Two experiments investigating information-processing consequences of entrenched and nonentrenched concepts are reported. An attempt is made to distinguish between these two kinds of concepts by using two variables-the naturalness of the occurrence described by a concept and the familiarity of the name used to refer to that occurrence. In each experiment a given conceptual system was expressed in four alternative forms by crossing concept familiarity (naturalness) with lexical familiarity. The experiments used a concept-selection task in which subjects were required to characterize an event based on a preliminary piece of information and a final, confirmatory piece of information. The results indicated that the locus of nonentrenchment lies in using a familiar name to identify an unfamiliar occurrence or in using an unfamiliar name to identify a familiar occurrence. An information-processing model of task performance provided a very good account of the latency data and scores from the concept-selection task correlated with scores from a set of psychometric reasoning tests. The distinction between entrenched and nonentrenched concepts can be interpreted in terms of interference theory, and it also has implications for the way we think about induction and human intelligence. © 1986.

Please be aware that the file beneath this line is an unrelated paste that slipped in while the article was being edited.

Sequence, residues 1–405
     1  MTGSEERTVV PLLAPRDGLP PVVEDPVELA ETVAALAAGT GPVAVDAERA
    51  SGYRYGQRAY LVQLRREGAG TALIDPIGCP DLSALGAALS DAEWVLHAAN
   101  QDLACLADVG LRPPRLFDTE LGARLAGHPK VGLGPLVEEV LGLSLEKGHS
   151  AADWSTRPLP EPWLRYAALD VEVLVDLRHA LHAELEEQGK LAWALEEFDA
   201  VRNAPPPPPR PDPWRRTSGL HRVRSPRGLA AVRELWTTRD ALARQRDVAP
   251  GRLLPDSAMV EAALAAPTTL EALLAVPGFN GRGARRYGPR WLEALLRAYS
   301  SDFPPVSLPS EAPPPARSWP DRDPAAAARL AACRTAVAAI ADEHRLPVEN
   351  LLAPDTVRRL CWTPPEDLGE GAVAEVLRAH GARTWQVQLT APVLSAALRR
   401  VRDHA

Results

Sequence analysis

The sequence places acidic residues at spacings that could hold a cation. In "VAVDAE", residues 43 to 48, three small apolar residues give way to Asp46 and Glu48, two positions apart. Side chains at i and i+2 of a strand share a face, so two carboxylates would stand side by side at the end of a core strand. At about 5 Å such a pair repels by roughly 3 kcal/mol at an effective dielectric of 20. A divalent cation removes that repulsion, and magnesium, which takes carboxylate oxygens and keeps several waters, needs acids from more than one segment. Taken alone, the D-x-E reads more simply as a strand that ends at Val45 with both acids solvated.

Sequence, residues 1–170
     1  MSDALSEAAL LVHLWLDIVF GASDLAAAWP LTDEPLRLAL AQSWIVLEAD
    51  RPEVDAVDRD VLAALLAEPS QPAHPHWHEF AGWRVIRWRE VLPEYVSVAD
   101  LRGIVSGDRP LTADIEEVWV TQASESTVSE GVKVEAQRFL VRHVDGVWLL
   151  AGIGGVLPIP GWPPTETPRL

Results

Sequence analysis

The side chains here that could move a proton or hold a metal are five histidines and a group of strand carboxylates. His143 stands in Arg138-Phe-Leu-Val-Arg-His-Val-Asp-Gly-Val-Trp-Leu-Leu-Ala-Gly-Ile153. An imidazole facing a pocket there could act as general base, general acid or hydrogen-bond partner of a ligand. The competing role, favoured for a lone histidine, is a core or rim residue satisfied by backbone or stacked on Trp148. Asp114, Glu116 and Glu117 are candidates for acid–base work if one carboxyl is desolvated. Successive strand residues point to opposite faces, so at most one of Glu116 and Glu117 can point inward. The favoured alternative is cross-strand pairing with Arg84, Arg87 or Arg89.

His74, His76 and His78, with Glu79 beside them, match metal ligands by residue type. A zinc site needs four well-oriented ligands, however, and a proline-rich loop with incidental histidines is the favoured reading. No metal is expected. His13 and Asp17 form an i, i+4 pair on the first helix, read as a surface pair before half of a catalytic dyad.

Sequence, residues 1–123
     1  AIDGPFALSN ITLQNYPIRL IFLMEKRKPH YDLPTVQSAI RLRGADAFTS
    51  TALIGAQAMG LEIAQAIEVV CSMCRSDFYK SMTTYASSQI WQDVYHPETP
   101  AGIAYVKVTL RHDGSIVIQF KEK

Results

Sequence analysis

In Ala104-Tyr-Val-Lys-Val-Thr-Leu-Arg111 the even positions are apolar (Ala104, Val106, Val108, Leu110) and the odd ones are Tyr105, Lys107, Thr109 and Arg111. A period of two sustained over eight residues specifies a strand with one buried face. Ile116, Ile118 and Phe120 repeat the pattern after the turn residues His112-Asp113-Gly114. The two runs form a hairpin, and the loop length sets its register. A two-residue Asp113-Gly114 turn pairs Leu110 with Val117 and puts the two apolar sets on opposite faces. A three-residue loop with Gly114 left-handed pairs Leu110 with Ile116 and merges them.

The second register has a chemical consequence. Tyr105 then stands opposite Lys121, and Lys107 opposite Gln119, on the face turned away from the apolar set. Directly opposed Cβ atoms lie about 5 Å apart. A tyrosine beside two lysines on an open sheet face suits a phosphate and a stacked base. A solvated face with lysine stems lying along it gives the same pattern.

Tetewsky, S. J., & Sternberg, R. J. (1986). Conceptual and lexical determinants of nonentrenched thinking. Journal of Memory and Language, 25(2), 202–225. https://doi.org/10.1016/0749-596X(86)90030-6